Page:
At baptism and throughout the life of a Christian, an internal call is given to us to seek and develop a life of prayer. We are summoned to seek fellowship with the God who created us and who is redeeming us. Such fellowship is marked by speaking and listening to God.

The task of praying is not easy. The Catechism of the Catholic Church rightly speaks of the “battle” of prayer. In a passage that exudes spiritual wisdom, the Catechism teaches us:

“Prayer is a battle. Against whom? Against ourselves and the against the wiles of the tempter who does all he can to turn man away from prayer, away from union with God. We pray as we live, because we live as we pray… The ‘spiritual battle’ of the Christian’s new life is inseparable from the battle of prayer.”

Such a spiritual work is made even harder in a secular age that does not value prayer or acknowledge its power. There is no encouragement to pray in an age that denies the revealed God and does not readily welcome his grace within the human family. The work, however, must still be done. Christians are called to pray. We are to be a people of prayer.

As a help to us in our labors to pray, the Church provides us with many prayer methods. While there are countless such methods within the various spiritualities and charisms in the life of the Church, we can speak of seven principal methods. These include lectio divina, composition of place, poustinia, the saint method, the examen, the liturgy method and the rosary.

Of the seven methods, the examen is the most introspective, which means it’s also the easiest one to manipulate and deform. The examen is a thorough evaluation of a day (or some other designation of time). Such an examination is not for ourselves or from ourselves. The examen is about communing with God, reviewing our day in light of our relationship with him, and seeking to find his mercy and promptings throughout our day. It is not self-help or self-improvement.

The examen is an opening of our day to the guidance of the Holy Spirit and asking God to show us where his grace triumphed and where we need more of his grace. The examen is about our communion with God and our desire to live and thrive by his good pleasure.

An examen is usually done in the evening, but it can be done at other times in the day depending on circumstances and the need for divine light.

An examen can be done in several different ways. Three of the more popular ways include an hourly review, a review by virtue, or a review by our interaction with people.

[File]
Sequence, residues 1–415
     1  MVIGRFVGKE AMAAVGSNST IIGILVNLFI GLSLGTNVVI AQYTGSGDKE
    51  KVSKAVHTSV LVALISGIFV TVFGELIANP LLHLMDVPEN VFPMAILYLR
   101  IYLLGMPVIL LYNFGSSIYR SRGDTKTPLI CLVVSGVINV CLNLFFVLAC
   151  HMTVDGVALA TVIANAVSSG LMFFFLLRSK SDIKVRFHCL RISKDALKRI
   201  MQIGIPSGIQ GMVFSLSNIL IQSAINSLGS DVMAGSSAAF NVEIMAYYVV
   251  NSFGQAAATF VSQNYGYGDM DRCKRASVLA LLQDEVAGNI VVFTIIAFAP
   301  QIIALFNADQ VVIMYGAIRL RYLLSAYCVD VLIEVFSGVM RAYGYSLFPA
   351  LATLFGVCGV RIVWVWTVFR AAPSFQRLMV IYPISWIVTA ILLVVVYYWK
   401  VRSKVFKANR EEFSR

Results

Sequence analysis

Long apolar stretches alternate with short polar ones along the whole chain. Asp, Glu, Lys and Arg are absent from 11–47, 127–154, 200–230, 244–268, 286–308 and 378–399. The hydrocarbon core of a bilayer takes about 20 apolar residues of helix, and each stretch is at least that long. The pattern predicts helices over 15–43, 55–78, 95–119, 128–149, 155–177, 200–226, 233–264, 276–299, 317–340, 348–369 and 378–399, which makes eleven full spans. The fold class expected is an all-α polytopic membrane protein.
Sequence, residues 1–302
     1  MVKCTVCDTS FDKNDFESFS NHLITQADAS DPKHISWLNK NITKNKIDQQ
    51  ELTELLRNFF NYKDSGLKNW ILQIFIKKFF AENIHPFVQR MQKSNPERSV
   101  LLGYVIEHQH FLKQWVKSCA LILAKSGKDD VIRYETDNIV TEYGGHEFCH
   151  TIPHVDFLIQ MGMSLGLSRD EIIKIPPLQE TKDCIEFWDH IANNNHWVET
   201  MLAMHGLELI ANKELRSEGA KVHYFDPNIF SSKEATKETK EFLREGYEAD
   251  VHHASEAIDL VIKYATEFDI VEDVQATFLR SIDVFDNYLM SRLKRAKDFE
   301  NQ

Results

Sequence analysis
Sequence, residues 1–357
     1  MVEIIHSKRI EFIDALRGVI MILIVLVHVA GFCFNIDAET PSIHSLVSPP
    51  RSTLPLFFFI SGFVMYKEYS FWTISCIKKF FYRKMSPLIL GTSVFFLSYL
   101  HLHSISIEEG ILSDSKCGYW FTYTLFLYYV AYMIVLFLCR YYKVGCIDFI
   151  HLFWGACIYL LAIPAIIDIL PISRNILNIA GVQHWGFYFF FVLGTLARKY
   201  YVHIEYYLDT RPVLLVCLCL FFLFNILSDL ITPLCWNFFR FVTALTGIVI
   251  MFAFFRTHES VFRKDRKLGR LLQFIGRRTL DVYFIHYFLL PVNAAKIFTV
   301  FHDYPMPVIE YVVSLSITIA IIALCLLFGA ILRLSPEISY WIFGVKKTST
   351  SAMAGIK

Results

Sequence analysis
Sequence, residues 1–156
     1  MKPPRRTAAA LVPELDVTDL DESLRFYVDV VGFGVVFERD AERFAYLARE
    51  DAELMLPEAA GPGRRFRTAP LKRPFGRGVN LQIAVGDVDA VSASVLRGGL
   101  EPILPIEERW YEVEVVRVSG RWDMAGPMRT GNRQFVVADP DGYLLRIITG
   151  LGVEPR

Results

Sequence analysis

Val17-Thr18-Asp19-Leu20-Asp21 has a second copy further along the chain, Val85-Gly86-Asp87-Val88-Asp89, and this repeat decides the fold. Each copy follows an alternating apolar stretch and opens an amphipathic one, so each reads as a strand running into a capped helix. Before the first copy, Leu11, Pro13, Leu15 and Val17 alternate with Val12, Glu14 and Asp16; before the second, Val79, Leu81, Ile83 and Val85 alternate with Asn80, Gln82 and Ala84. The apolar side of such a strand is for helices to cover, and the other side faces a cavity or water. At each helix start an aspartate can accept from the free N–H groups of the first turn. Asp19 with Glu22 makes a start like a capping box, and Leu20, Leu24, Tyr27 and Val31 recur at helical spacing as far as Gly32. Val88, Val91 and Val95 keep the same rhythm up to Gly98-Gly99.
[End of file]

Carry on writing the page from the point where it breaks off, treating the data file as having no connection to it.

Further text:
In the hourly review, we begin with the hour in which we woke up. We assess how we started our day. Did we hit the snooze button three times, drag ourselves out of bed, and not pray? Did we start our day with gratitude and make an offering of our day to God? How did we start the day? After the first hour, we walk hour by hour through the day. Where was God’s presence?  What was his will? How did we respond? Where were we selfish or closed to the workings of grace? By going hour by hour, we can track how we did. We can identity times in the day when we are more responsive to grace. We can recognize hours of greater struggle or difficulty.

In the review by virtue, we focus solely on one virtue. We examine our day looking for where the virtue was triumphant by grace or where it suffered because of negligence or rebellion on our part. The form of the examen is usually done when we are seeking to work on a particular virtue. Any virtue can be used for the examen. Some of the more popular virtues for the examen include humility, patience, heroic charity, and kindness.

The review by our interaction with people is when the entire examine is about a particular personality type, or temperament, or specific people. This type of examen is done when we realize a pattern of behavior with a type of person. For example, we might gossip around people we’re comfortable with, we overreact to people with strong personalities, or we dislike people who are introverts or extraverts. The method helps us to keep our charity and apply our basic Christian virtue to all people.

These are three ways to do the examen. In general, the examen is about actively engaging the grace of God and allowing it to transform us and help us to live as the children of God.